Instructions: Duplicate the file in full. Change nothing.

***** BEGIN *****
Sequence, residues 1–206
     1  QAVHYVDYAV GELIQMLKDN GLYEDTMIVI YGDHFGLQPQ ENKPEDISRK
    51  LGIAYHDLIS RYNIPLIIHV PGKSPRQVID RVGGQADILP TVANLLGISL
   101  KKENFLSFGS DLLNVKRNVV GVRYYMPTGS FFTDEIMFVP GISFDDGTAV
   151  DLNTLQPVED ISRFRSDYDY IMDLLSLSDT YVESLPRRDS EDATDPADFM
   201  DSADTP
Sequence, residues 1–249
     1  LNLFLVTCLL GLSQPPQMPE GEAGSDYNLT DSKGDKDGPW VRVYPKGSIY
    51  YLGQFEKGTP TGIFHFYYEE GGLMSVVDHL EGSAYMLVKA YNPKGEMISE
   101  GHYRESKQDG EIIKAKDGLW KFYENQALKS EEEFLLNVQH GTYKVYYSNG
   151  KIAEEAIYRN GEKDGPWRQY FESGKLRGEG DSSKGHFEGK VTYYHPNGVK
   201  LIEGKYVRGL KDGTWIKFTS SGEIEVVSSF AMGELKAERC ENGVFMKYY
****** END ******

Sequence, residues 1–206
     1  QAVHYVDYAV GELIQMLKDN GLYEDTMIVI YGDHFGLQPQ ENKPEDISRK
    51  LGIAYHDLIS RYNIPLIIHV PGKSPRQVID RVGGQADILP TVANLLGISL
   101  KKENFLSFGS DLLNVKRNVV GVRYYMPTGS FFTDEIMFVP GISFDDGTAV
   151  DLNTLQPVED ISRFRSDYDY IMDLLSLSDT YVESLPRRDS EDATDPADFM
   201  DSADTP
Sequence, residues 1–249
     1  LNLFLVTCLL GLSQPPQMPE GEAGSDYNLT DSKGDKDGPW VRVYPKGSIY
    51  YLGQFEKGTP TGIFHFYYEE GGLMSVVDHL EGSAYMLVKA YNPKGEMISE
   101  GHYRESKQDG EIIKAKDGLW KFYENQALKS EEEFLLNVQH GTYKVYYSNG
   151  KIAEEAIYRN GEKDGPWRQY FESGKLRGEG DSSKGHFEGK VTYYHPNGVK
   201  LIEGKYVRGL KDGTWIKFTS SGEIEVVSSF AMGELKAERC ENGVFMKYY